Almost every one has to deal with a clogged toilet at some time. Typically a little plunging sorts things out, but there are times when nothing seems to help.
Then there are the problems that recur, in toilets that used to be trouble-free. Persistent and recurring clogged toilets suggest the presence of a solid object lodged in the trap way of the toilet bowl.
Let the Plumbing Geek share his advice with you before you take on this DIY plumbing project!
The first order of business when dealing with your clogged toilet is to clear the drain if you can. Use your plumbers helper (your toilet plunger). If plunging doesn't work, it's time to up the ante.
There is a drain cable made just for a plugged toilet. it's called a toilet auger. I use pro-grade augers made by “General Wire Co.” The augers my clients purchase from retail stores and use before they call me look like toys next to what the General makes.
I don't really care if I push the object through or pull the object out of a toilet. If it will push though it is not likely to hang up in a three or four inch drain.
If you clear your clogged toilet with the auger that's great! Do this simple test to see if you're really done. The toilet should flush and surge down the drain like normal,
If the toilet acts normally after three toilet paper laden flushes I would declare it to be clear. If any of the "test flushes" of toilet paper stop up the bowl, then there's an object in it.
If you still
have a blocked toilet even after using a toilet auger, you may have to
remove it from its flange and work from the horn. The horn of a toilet
is the ridge of china that sits directly above or into the floor flange.
Before you start to remove the toilet from the floor, you need to inspect it with a mirror and flash light from the bowl side. To do this you'll have to get the water out of the bowl.
To remove the water from the bowl for any reason I use a small boat bilge pump I get from any retail store that carries boating supplies. This pump and a bucket will get all but a cup of water from a toilet bowl and or a toilet tank. Turn off the water to the tank and pump it also so as not to have it fill the bowl while you are not ready.
You may have to add and pump water a few times to get the bowl clean enough to use the mirror. A 1 ½ or 2 inch mechanics mirror on a stem works well with a flash light to let you see up into the trap-way.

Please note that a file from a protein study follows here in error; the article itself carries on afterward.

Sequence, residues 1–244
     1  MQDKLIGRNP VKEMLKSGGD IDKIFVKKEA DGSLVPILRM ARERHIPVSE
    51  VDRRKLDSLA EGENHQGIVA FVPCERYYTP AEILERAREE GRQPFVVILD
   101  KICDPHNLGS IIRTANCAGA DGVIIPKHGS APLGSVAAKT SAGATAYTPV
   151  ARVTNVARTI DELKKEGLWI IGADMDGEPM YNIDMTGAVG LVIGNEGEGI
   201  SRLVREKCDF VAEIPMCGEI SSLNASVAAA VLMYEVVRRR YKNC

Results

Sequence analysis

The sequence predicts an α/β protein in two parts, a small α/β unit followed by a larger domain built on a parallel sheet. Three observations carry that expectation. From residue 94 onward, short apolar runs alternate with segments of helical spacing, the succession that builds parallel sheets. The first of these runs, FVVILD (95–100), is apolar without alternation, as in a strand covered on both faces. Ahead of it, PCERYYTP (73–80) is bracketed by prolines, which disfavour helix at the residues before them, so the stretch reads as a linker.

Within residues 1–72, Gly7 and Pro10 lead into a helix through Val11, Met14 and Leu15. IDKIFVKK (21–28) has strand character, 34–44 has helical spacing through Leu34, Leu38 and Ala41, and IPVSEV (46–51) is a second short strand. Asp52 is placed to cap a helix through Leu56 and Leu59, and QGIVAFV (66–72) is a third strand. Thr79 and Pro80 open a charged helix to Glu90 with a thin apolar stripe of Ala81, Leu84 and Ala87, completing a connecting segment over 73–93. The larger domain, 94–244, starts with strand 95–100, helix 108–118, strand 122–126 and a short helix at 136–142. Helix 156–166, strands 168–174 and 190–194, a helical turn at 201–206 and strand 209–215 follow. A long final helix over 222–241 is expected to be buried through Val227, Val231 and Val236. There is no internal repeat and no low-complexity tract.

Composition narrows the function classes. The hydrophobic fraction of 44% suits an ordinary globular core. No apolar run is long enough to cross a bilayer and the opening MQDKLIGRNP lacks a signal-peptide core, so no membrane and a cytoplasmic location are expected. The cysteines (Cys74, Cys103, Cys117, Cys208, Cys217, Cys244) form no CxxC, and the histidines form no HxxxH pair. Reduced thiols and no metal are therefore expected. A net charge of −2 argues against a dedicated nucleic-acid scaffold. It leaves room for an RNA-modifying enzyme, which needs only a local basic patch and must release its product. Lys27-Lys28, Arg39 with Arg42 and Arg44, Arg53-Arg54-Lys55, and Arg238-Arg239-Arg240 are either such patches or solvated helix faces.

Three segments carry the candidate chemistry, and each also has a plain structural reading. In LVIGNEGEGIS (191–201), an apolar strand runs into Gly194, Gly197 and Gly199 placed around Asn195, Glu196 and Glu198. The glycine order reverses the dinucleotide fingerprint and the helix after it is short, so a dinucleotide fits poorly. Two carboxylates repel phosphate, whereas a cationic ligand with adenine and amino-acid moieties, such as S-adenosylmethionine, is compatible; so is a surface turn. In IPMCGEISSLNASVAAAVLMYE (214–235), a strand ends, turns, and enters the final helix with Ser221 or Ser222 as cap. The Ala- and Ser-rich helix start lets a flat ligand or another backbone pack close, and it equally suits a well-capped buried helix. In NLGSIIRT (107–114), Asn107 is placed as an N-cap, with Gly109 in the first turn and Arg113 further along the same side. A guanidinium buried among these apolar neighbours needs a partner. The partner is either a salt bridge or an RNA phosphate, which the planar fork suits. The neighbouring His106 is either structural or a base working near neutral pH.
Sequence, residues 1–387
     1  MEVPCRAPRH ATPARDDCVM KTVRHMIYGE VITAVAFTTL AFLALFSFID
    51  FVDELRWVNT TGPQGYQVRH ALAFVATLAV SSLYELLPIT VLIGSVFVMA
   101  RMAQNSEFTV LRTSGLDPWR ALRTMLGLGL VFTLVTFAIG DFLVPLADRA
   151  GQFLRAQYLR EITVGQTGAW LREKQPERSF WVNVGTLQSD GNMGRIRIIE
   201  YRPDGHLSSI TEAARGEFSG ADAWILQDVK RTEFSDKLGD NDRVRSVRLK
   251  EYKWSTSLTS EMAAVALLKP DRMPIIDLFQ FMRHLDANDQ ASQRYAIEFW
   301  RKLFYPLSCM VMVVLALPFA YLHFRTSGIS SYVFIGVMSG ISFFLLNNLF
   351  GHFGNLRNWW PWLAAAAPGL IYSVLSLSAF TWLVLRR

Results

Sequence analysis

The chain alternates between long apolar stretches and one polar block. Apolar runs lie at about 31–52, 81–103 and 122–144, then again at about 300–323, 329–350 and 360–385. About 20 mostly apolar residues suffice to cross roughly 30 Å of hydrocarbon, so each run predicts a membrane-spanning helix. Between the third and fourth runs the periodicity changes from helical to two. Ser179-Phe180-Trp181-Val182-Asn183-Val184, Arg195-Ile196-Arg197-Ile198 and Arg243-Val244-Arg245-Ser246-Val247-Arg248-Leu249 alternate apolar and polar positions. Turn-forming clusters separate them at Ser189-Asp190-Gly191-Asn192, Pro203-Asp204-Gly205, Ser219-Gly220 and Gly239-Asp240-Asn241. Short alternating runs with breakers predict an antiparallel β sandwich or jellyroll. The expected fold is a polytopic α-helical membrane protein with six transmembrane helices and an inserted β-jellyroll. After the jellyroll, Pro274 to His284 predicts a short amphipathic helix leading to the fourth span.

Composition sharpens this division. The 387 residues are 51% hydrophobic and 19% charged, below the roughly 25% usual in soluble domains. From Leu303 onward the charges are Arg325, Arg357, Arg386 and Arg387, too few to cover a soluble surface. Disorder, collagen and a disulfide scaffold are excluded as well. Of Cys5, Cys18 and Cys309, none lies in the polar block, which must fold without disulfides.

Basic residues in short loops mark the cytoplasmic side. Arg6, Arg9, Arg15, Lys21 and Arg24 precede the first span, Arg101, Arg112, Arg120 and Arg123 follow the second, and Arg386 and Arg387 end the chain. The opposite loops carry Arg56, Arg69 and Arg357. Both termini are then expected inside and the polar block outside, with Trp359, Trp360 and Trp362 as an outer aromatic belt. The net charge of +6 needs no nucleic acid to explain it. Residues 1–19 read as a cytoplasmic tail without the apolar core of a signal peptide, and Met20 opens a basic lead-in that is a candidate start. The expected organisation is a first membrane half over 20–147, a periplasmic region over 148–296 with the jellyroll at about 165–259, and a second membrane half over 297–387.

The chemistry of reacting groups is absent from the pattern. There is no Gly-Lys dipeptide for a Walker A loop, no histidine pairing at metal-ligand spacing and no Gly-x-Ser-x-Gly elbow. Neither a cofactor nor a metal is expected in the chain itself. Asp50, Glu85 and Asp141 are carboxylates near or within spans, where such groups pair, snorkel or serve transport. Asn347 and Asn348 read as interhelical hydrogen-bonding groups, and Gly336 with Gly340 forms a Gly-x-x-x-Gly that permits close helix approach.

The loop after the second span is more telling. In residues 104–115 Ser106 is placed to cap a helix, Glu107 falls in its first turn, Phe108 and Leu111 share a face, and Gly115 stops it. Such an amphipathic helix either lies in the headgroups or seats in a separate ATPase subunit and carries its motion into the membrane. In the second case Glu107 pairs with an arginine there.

If you find that a small object is causing your clogged toilet, and you are able to remove it... great. If you find a larger object and are not able to remove it, or if you find no object, the next step is to remove the toilet from its flange. Here's lots of info about how to remove a toilet. Now you come to a moment of assessment. It's time to decide if this clogged toilet is really a “keeper”. If it's cracked in the tank or the bowl, it should be replaced. Fractures in china are like those in a windshield- they get longer.
Some vintage toilets develop fine lines, or crazing, in the glaze. If it matches the rest of the bathroom fixtures and is still a decent toilet in good condition, then carry on. I was just trying to bail you out if I could from the rest of this nasty job.
You already have the water out of the toilet bowl, so disconnect the water supply and remove the securing nuts. Gather some old towels to use. Lift it clear of the toilet flange and set it on those towels. Lean it back until the bottom of the back of the tank is on the floor along with the back of the base.
If the object is now visible in the horn, remove it if you can. If it will not pass through the horn you may have to push it back the way it came with the auger.
If there's still no object visible, try the mirror again from the horn this time, or just auger the bowl from the horn side. Also try looking in one side while shining the light into the other side.
Once you have removed the object from the toilet you will have to reset it. Here's how you'll either reset or install a toilet.